A Television Review by Akash Singh
NOTE: SPOILERS OCCUR!!!!!!!
Named after the words of House Greyjoy, What is Dead May Never Die culminates what we may call the death of Theon Greyjoy. In a ceremony where you drown yourself in service to the Drowned Gods of the Iron Islands, Theon drowns any semblance of his past self, betraying the Starks with whom he has lived most of his life. It’s a difficult position Theon is in and it is slightly difficult to at least not slightly sympathize him wanting something marginally close to kindness from his father, who is a nasty piece of work if there ever was one. Yet it’s also difficult not to be phenomenally disgusted by Theon’s choice, throwing the family who was mostly kind to him under the bus for the sake of one of the most despicable fathers on this show at a moment where Winterfell is at its absolute weakest.
Catelyn arrives at Renly Baratheon’s camp, which as she rightfully points out, is less prepared for war and more prepared for what appears to be tournament games. Renly, unfazed by this criticism, sits quaintly next to his wife Margaery, who appears to be far more conniving than a first glance would suggest. The knight brawls continue, with Loras losing to a new knight. That angers him, considering his reputation, and the humiliation grows when the helmet is removed and the knight reveals herself to be a women. She asks for a place in Renly’s Kingsguard and he acquiesces. It’s indicative of Renly’s character that he is so secure in his belief that the force with the greater numbers will win that he is sitting around with tournaments instead of attacking his brother at the earliest possible opportunity.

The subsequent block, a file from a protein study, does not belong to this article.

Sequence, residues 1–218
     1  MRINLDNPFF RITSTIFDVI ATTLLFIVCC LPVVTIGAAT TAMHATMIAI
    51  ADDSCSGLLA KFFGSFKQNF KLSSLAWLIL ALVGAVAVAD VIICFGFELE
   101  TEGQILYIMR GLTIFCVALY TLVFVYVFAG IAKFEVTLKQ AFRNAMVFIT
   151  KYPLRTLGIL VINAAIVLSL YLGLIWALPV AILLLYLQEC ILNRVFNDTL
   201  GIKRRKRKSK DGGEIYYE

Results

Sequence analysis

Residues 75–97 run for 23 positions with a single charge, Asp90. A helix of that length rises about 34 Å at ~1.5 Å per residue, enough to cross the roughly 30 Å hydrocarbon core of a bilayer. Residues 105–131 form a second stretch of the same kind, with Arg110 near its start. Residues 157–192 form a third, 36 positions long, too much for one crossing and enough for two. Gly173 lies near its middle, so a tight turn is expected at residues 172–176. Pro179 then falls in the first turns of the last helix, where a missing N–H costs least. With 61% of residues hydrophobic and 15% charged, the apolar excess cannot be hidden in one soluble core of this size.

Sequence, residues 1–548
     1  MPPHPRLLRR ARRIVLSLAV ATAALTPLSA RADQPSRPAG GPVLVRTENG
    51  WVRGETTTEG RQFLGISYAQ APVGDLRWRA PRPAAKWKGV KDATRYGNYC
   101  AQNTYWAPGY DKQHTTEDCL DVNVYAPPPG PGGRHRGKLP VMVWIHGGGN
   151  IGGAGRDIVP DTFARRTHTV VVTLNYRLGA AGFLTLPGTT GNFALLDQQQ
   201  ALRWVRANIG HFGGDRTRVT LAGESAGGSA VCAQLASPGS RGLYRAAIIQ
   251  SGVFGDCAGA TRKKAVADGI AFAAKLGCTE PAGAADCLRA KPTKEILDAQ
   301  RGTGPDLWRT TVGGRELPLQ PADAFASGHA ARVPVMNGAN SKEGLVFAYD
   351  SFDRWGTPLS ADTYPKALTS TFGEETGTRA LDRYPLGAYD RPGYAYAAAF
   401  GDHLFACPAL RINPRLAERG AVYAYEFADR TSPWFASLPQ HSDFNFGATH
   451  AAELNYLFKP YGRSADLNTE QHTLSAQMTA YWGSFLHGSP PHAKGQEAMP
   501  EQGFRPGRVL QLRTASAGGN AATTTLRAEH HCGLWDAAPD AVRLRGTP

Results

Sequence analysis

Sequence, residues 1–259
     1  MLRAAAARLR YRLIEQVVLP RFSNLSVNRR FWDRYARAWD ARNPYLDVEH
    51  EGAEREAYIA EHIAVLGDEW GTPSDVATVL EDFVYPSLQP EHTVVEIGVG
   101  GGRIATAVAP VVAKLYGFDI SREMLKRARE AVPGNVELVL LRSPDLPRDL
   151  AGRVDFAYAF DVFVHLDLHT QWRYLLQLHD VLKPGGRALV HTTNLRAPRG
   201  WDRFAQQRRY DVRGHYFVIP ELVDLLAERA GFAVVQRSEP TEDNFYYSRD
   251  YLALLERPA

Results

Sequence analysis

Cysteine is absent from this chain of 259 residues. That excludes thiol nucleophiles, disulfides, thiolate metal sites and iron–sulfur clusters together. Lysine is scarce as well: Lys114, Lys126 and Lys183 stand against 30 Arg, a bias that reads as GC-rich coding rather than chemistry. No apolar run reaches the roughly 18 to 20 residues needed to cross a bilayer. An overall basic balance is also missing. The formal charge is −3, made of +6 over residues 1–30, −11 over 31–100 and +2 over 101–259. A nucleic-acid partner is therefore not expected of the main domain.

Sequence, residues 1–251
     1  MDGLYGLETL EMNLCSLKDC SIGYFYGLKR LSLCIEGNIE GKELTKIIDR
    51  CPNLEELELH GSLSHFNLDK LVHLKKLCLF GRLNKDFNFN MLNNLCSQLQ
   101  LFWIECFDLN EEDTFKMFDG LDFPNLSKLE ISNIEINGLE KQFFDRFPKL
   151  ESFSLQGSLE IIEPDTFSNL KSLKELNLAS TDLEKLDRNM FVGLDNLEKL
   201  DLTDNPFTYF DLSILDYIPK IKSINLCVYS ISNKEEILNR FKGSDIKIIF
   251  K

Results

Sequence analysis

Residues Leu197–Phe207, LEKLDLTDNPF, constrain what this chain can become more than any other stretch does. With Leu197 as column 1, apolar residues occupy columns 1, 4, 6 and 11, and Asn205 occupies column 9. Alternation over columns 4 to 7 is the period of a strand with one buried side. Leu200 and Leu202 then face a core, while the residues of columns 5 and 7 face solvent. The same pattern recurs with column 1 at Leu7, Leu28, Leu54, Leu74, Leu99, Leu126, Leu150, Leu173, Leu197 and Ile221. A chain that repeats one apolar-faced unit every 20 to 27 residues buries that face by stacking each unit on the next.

Tyrion continues his craftiness in the role of the Hand of the King, quickly devising a plan to find out who is spying for Cersei on the Small Council. To Grand Maester Pycelle, Tyrion reveals his plan to pursue an alliance with House Martell of Dorne by marrying Myrcella to Trystane Martell. To Lord Varys, Tyrion reveals that he wishes to marry Myrcella off to Theon Greyjoy and to Lord Baelish he reveals a plan to marry Myrcella off to Robin Arryn. The brilliance of Tyrion’s trick is how simple it yes, yet how believable. Each and every single one of those proposals is believable and would bring the Lannisters strategic advantages. As is perhaps surprising to no one, Pycelle is the spy for Cersei and Tyrion wastes no time in having him banished to the dungeons.
Bran’s dreams continue to expand in increasingly cryptic fashion, which is interesting but also just a little irritating because it doesn’t feel that we’re progressing very far with them. He questions Maester Luwin, who has understandably taking a pragmatic approach to these issues. He had studied magic as a young Maester in training (spinoff, anyone?), but as far as he’s concerned, there’s no magic left in the world. The dragons are dead and they will remain so. As far as dreams were in question, sometimes they’re just dreams and nothing else. It’s a continuation of the thread where many in Westeros no longer feel that magic exists, but far across in Essos that’s been proven false. Bran’s dreams have a cryptic truth to them, such as him foreseeing his father’s death with Rickon, but how true can they truly be?
In the centerpiece of the episode, the hunt for Gendry and by extension Arya takes a deadly turn. As promised, the soldiers who had questioned Yoren earlier return in greater force, slaughtering prisoners who were supposed to be taken to the Wall (which is overmanned, right?). Lommy gets a particularly gruesome death by a mocking Lannister solider. Yoren receives an even more painful death, being straight-up impaled by the soldiers. “Where is the one named Gendry?” they thunder. Luckily for Gendry, Arya notes quietly “You already killed him,” pointing towards the bull helmet that was lying next to a bloodied, dead Lommy. Gendry and Arya are safe, for now at least.
Title: What Is Dead May Never Die
Written By: Bryan Cogman
Director: Alik Sakharov
Image Courtesy: Winter is Coming